High Food Price Crisis
The food price spike of 2007-2008 pushed the total number of hungry people to over one billion — 1/6th of the world's population. Since then, the volatility of food prices continues to impact hunger and poverty trends, especially in low-income food deficit countries.
The UN's Food and Agriculture Organization (FAO) reported a 45% increase in the world food price index during the 2008 food price crisis. Similar volatility was seen in 2011 and in 2022.
Food prices change in response to various factors including speculation, climatic shocks, energy prices, demand for agrofuels, and trade policy. Oil price increases affect the price of fertilizers as well as the cost of shipping and transportation. Demand for agrofuels such as corn ethanol increases demand for particular crops and changes crop distribution. Following the 2008 financial crisis, many investors shifted funds from mortgage markets to agriculture commodities creating a demand shock that increased commodity prices. Since, speculation on food products, including so-called future commodity markets where speculators bet on future prices, has remained a major factor exacerbating price volatility.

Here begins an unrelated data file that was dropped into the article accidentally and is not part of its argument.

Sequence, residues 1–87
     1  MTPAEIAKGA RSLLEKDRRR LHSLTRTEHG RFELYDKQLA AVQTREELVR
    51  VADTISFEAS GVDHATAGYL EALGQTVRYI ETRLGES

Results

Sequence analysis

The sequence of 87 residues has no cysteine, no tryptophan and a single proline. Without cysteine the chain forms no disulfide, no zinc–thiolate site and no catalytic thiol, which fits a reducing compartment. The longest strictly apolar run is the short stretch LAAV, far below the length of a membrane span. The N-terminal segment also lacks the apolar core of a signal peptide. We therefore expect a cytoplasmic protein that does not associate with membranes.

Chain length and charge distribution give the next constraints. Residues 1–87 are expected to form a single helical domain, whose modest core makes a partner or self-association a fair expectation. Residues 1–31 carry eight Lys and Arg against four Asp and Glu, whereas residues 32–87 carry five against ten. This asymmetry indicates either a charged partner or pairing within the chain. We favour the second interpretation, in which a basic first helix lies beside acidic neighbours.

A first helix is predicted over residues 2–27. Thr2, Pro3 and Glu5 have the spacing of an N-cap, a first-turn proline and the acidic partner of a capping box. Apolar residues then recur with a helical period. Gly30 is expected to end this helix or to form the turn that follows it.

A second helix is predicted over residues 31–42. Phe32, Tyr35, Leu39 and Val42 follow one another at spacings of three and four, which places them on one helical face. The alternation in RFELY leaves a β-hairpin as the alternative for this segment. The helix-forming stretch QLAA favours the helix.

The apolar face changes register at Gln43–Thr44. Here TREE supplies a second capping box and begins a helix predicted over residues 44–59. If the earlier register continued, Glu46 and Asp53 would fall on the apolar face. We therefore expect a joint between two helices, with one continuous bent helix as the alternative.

Many low-income countries, especially the so-called Least Developed Countries, are net food importers, which makes them highly vulnerable to price volatility on global food markets.
The Oakland Institute is committed to producing rigorous research and analysis on food and agriculture as it is only an in-depth objective understanding of the problems that can lead the right solutions to find their way into on-the-ground policy.